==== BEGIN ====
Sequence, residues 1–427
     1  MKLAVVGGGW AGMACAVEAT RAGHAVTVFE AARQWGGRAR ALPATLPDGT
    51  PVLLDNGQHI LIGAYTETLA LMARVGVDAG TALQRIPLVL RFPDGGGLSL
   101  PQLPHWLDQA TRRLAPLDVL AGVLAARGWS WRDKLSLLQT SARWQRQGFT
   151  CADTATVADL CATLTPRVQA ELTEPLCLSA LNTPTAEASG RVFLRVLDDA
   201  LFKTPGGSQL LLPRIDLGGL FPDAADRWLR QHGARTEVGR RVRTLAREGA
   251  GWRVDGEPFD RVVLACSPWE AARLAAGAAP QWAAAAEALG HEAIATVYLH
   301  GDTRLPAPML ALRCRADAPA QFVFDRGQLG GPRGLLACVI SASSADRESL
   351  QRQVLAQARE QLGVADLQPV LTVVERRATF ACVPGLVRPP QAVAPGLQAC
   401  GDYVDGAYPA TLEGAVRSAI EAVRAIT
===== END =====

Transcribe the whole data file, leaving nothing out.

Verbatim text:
Sequence, residues 1–427
     1  MKLAVVGGGW AGMACAVEAT RAGHAVTVFE AARQWGGRAR ALPATLPDGT
    51  PVLLDNGQHI LIGAYTETLA LMARVGVDAG TALQRIPLVL RFPDGGGLSL
   101  PQLPHWLDQA TRRLAPLDVL AGVLAARGWS WRDKLSLLQT SARWQRQGFT
   151  CADTATVADL CATLTPRVQA ELTEPLCLSA LNTPTAEASG RVFLRVLDDA
   201  LFKTPGGSQL LLPRIDLGGL FPDAADRWLR QHGARTEVGR RVRTLAREGA
   251  GWRVDGEPFD RVVLACSPWE AARLAAGAAP QWAAAAEALG HEAIATVYLH
   301  GDTRLPAPML ALRCRADAPA QFVFDRGQLG GPRGLLACVI SASSADRESL
   351  QRQVLAQARE QLGVADLQPV LTVVERRATF ACVPGLVRPP QAVAPGLQAC
   401  GDYVDGAYPA TLEGAVRSAI EAVRAIT